Officials to Weigh What’s Next for Bedford Town Common Improvements

April 1, 2024
Municipal staff members will consider how to respond to Annual Town Meeting’s rejection of a proposal to study and design improvements to the Town Common. Photo: JMcCT

Municipal staff members will consider how to respond to Annual Town Meeting’s rejection last week of a $350,000 proposal to study and design improvements to the Town Common.

“We are going to regroup in the coming weeks to determine next steps,” said Jeanette Rebecchi, transportation program manager with the Department of Public Works, who spearheaded the idea for betterments. “We’re not sure what the next steps are. We’ve got to get some input from the Select Board.” 

She added, “I don’t think we are going to pursue a large reimagining of the Town Common.” 

The comment that triggered the divided Town Meeting outcome was registered by Alethea Yates, a former Bedford Historical Society president and a frequent Memorial Day narrator at the Common’s World War I monument facing The Great Road.

“I can’t see any need for that,” Yates said of the proposal for redesign. “It’s a very nice common with open space, and trees to hang Christmas lights, and fencing.” Town officials did not respond with details of possible improvements.

The proposal, the last in a list of community preservation projects, lost by fewer than 20 votes among almost 500 cast.

“I have already been approached by numerous residents asking if this project will be re-presented in more detail at an upcoming Town Meeting,” said Assistant Town Manager Amy Fidalgo, who is the staff liaison to the Community Preservation Committee. “I will likely share this feedback with the membership, and discuss next steps if they would like to see this on a special town meeting warrant.”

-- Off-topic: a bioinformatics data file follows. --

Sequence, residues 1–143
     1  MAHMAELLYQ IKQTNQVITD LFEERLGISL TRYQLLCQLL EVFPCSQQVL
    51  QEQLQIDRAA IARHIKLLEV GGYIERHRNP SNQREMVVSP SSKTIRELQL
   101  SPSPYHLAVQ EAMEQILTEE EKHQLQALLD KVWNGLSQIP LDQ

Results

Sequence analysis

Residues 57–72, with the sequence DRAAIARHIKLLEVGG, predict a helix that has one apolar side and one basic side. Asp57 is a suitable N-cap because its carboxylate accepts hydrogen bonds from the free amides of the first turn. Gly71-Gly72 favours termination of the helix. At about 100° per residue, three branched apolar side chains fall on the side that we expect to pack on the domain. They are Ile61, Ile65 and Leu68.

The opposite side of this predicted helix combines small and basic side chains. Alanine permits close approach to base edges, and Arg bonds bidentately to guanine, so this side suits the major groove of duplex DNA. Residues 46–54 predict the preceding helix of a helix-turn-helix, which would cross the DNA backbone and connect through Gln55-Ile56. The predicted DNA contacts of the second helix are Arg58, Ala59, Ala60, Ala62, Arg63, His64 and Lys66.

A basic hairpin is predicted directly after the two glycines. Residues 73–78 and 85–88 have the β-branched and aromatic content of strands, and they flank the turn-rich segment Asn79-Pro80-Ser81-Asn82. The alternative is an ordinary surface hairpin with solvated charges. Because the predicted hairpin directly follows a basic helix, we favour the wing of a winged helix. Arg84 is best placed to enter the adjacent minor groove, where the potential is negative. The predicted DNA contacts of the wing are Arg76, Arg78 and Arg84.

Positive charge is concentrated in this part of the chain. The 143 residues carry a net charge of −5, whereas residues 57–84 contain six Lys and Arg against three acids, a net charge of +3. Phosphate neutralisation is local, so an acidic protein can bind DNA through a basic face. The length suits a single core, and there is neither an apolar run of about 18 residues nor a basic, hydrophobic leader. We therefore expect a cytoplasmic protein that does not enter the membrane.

“Staff members have been talking about all of our public areas to get them ready for the town’s 300th anniversary,” Rebecchi said. “We assume the common will host some celebration.” Although the 300th anniversary is Sept. 23, 2029, plans call for commemorative activities to begin a year earlier. 

“This is a once-in-a-generation opportunity to think about what we want the Common to look like,” said Rebecchi. “At a minimum, some basic maintenance should be performed prior to the 300th

“The project has a lot of different facets,” including landscaping, monuments, and circulation, Rebecchi said. For example, there’s no crosswalk between Old Town Hall and the Common, but many pedestrians assume there is. The approach is intended to be “holistic about how the Common fits into its environment,” she explained. 

One priority, Rebecchi said, is replacement of the walkways that traverse the Common, which were installed in the 1990s and fall short of Americans with Disabilities Act width standards. The sidewalks in spots are heaving and cracking, she said; they were installed by Bomanite, a company that specializes in decorated imprinted concrete. The picnic table area should be more accessible, she added. 

“Now is the time to do something,” Rebecchi said, acknowledging that perhaps money from annual hardscape improvements would suffice.

Rebecchi said she was inspired by the renovation of the Needham common, which features streets on three sides and Town Hall in the rear. 

“Because the Town Common is such a public space, we built into the budget a workshopping process,” Rebecchi said, so officials can get input from residents on “what they want Town Common to look like.”

That’s a point resident Nick Howard raised at Town Meeting. “Get a sense of the town before spending a large amount of money on a study,” he said. “If the town doesn’t want to build it, it’s money down the drain.”

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Dave Draper
April 2, 2024 8:14 am

$350,000 is a lot of money for a study and design. This is especially true when the basic layout and character of the common is not going to be changed. I am all in favor of cleaning up and modernizing the common however $350,000 to figure out what to do is excessive.

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